Carlos Alcaraz serves Sebastian Korda in their third-round match
Carlos Alcaraz serves Sebastian Korda in their third-round match. Photo: Yves Herman / Reuters

Alcaraz’s success stems from a more explosive, dynamic and complete game than most players his age. He already has one of the most destructive and heavy forearms in the game, while his shotgun, especially on his forearm side, is one of the focal points of his game.

His vast handicaps and shooting talent are combined with his superior athletics and defense, qualities that have produced countless incredible points that have further underscored his talents. Since his triumph in Madrid, the craze around Alcaraz has increased, and he has arrived in Paris, which a few bookmakers have been the favorite of the tournament.

At Roland Garros, his tournament almost ended surprisingly early. In his a second-round match against the smart, cunning Albert Ramos Viñolas he found himself a match point down on Ramos ’serve in the fourth set. Such is his penchant for the big moments, he not only saved the match point, picked up the break and took the fourth set, but later recovered from a 0-3 deficit in the fifth set. Somehow, even when he almost lost to World No. 44, his reputation grew.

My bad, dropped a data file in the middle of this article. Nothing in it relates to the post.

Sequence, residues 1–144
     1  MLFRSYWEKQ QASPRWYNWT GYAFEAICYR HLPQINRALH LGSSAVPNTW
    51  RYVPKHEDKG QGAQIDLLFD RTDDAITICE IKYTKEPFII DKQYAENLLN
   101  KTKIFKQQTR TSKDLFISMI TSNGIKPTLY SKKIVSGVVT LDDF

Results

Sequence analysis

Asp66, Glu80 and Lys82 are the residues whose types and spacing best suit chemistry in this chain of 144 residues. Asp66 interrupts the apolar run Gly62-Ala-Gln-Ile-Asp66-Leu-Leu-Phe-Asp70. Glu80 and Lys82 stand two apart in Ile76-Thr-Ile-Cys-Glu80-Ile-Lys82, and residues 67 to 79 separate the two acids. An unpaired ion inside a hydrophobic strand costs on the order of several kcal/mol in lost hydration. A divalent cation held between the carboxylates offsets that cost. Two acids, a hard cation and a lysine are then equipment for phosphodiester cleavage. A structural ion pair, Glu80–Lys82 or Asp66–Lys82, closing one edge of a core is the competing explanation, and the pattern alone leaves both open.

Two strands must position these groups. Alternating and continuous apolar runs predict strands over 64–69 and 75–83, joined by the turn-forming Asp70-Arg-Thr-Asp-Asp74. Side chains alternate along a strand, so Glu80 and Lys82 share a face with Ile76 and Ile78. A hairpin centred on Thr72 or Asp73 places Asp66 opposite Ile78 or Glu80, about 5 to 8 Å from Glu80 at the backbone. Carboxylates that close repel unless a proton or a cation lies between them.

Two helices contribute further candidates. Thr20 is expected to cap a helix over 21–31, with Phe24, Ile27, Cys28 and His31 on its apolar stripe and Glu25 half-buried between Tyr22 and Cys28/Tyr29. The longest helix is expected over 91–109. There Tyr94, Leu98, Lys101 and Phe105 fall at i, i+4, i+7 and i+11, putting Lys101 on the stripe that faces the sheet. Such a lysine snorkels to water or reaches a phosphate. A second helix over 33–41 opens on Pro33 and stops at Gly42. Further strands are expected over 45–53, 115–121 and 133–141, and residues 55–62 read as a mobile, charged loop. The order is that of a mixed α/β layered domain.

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Although Alcaraz may be the safest bet among all the young stars who have appeared over the past decade, even now, when he stands as a top 10 player, nothing is certain when injuries, mental strife and other things can force him into careers. However, there is no doubt that he is on his way regardless of whether he fulfills his grand slam ambition immediately after this year’s French Open.

“I’m still young, but I’d say I’m a pretty experienced player now,” Alcaraz said. “I feel comfortable playing on a big stadium, big matches, playing on a grand slam. Physically I’m strong. Mentally I’m strong too. I think I’m ready to play such matches in these situations, these tournaments.” Then he shrugged. “I’m ready, yes.”